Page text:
I am working with POE powered devices, and one use case we see is that our device is connected to a POE injector, but behind the POE injector, there is a POE switch that can do LLDP negotiation.
(The thing here is that a POE injector does not normally support POE software negotiation (LLDP), and that it does not have any IP address.)
According to the POE standard, after the boot sequence the DUT should check for LLDP support, and try to do fine grained negotiation using POE-LLDP.
So, if doing this the simplest possible way, what can happen is that the device receives 25.5W through hardware negotiation (from the POE injector), then the DUT connects to LLDP (in the switch) which might tell it that it has only received 12.95W, (since that is what the POE switch can provide).
Then the DUT suddenly may think it has too little power to work, and shut down.
Also, since the 802.3at (and I assume bt) standard seem to be a bit relaxed in what it allows when it comes to hardware versus software negotiation it is not clear to me how these use cases should be handled.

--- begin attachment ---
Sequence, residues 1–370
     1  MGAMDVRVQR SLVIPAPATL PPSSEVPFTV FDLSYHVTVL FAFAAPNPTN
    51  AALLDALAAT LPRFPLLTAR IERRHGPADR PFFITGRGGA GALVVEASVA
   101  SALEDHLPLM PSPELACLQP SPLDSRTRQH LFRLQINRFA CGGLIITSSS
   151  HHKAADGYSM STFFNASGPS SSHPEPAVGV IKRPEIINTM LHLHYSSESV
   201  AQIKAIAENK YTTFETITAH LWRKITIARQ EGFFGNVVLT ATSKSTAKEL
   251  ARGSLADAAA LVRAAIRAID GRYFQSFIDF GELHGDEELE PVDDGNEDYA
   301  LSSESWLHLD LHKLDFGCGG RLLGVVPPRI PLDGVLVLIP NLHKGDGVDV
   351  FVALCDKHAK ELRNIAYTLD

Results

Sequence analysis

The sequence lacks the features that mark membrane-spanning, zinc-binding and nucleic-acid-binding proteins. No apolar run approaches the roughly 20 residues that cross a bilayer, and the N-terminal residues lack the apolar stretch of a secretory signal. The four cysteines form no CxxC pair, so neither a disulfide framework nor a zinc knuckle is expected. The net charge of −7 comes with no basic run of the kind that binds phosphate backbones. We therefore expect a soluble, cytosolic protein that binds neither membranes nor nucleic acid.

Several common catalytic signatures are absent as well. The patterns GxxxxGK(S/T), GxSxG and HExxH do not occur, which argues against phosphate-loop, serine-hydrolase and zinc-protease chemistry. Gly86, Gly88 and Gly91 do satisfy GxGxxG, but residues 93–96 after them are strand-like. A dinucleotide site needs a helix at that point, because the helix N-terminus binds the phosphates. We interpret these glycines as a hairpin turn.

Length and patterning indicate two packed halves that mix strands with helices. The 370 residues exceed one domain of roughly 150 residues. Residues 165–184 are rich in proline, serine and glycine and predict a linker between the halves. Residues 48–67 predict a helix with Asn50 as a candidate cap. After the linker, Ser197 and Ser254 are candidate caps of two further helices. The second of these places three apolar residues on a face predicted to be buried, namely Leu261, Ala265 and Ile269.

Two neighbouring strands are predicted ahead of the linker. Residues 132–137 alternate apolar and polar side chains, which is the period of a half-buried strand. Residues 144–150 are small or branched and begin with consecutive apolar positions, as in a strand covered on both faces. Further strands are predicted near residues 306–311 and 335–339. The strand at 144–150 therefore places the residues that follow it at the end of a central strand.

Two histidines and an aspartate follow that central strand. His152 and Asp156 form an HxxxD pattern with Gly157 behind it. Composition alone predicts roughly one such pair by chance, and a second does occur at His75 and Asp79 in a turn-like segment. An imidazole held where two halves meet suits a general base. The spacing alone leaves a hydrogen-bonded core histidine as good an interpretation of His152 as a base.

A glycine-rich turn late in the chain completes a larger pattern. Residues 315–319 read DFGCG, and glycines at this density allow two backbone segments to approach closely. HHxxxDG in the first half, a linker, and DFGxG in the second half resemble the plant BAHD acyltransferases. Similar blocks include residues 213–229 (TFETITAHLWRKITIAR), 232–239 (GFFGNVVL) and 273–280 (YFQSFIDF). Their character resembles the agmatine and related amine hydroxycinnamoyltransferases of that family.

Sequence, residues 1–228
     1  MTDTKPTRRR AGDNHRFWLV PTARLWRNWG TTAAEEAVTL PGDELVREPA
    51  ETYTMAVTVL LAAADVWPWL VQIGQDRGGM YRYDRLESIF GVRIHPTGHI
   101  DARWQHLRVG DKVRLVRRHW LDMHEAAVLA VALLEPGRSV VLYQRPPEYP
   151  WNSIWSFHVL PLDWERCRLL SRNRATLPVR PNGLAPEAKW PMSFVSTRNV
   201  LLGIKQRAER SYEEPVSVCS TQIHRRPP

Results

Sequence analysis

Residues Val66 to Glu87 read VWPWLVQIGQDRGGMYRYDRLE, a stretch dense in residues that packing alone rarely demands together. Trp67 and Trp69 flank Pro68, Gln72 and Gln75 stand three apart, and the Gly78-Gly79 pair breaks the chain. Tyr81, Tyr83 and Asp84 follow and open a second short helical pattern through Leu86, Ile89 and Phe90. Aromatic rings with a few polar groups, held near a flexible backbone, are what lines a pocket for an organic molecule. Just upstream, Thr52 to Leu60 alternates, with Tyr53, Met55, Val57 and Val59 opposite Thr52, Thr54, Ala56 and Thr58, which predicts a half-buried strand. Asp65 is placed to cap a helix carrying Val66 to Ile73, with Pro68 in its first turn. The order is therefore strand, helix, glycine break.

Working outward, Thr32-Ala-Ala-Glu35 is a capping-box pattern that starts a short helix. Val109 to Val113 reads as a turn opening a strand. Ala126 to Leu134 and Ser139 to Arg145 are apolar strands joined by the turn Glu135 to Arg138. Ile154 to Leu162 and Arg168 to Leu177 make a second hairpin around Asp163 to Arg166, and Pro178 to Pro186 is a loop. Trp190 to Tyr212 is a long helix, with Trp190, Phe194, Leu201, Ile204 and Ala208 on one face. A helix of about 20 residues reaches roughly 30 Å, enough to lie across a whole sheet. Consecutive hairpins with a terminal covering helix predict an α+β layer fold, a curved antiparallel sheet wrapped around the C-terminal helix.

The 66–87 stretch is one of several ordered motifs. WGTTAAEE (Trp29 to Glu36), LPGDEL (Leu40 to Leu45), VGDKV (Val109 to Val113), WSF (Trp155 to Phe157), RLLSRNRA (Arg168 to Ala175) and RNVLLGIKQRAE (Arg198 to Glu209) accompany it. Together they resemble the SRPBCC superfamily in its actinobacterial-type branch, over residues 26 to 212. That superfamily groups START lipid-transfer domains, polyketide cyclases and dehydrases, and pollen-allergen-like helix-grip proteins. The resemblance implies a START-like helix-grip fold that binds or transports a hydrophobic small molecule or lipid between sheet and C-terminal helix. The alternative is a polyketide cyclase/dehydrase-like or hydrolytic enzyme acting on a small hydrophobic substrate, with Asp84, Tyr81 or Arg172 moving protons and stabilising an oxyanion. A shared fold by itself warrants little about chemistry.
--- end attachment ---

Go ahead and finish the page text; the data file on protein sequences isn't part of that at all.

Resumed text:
Recommending that customers do not connect a POE switch behind a POE injector is already done I assume.
We were discussing that if the LLDP signalling indicates a lower power than what we have already received though hardware negotiation, we might discard the LLDP signalling as it is probably from the wrong node, but how did the ones who wrote the specifications think this should be handled?
Are there other recommendations outside the specification on how this should be handled?
Is there any reliable (or at least sometimes helpful) way to detect when a POE switch is connected behind a POE injector?